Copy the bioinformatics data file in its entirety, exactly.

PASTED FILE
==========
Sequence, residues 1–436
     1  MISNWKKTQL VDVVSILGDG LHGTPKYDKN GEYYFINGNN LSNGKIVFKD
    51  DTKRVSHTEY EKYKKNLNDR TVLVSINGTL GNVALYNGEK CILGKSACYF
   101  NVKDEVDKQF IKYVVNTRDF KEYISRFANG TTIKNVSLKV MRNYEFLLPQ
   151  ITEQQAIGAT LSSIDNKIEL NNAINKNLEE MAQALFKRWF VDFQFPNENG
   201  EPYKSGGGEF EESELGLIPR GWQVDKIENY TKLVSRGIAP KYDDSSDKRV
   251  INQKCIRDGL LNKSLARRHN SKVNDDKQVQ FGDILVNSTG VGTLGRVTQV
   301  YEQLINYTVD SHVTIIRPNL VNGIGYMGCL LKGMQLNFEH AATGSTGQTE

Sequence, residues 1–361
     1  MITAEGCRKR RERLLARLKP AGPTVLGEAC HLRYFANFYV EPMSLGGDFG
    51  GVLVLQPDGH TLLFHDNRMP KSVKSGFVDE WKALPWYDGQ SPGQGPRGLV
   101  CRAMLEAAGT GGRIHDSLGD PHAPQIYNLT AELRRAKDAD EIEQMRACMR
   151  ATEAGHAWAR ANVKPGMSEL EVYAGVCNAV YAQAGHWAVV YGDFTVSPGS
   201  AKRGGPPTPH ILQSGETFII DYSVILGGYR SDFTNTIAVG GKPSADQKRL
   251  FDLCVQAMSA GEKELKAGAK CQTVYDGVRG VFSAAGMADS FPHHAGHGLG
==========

Sequence, residues 1–436
     1  MISNWKKTQL VDVVSILGDG LHGTPKYDKN GEYYFINGNN LSNGKIVFKD
    51  DTKRVSHTEY EKYKKNLNDR TVLVSINGTL GNVALYNGEK CILGKSACYF
   101  NVKDEVDKQF IKYVVNTRDF KEYISRFANG TTIKNVSLKV MRNYEFLLPQ
   151  ITEQQAIGAT LSSIDNKIEL NNAINKNLEE MAQALFKRWF VDFQFPNENG
   201  EPYKSGGGEF EESELGLIPR GWQVDKIENY TKLVSRGIAP KYDDSSDKRV
   251  INQKCIRDGL LNKSLARRHN SKVNDDKQVQ FGDILVNSTG VGTLGRVTQV
   301  YEQLINYTVD SHVTIIRPNL VNGIGYMGCL LKGMQLNFEH AATGSTGQTE

Sequence, residues 1–361
     1  MITAEGCRKR RERLLARLKP AGPTVLGEAC HLRYFANFYV EPMSLGGDFG
    51  GVLVLQPDGH TLLFHDNRMP KSVKSGFVDE WKALPWYDGQ SPGQGPRGLV
   101  CRAMLEAAGT GGRIHDSLGD PHAPQIYNLT AELRRAKDAD EIEQMRACMR
   151  ATEAGHAWAR ANVKPGMSEL EVYAGVCNAV YAQAGHWAVV YGDFTVSPGS
   201  AKRGGPPTPH ILQSGETFII DYSVILGGYR SDFTNTIAVG GKPSADQKRL
   251  FDLCVQAMSA GEKELKAGAK CQTVYDGVRG VFSAAGMADS FPHHAGHGLG